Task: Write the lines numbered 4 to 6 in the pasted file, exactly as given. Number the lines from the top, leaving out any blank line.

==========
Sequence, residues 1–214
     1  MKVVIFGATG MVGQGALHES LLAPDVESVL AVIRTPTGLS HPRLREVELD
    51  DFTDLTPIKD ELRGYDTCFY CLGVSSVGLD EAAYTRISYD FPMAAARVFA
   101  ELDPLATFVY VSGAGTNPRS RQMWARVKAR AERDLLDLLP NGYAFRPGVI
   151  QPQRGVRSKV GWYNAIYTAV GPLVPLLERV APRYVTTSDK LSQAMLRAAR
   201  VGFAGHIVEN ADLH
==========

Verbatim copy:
   101  ELDPLATFVY VSGAGTNPRS RQMWARVKAR AERDLLDLLP NGYAFRPGVI
   151  QPQRGVRSKV GWYNAIYTAV GPLVPLLERV APRYVTTSDK LSQAMLRAAR
   201  VGFAGHIVEN ADLH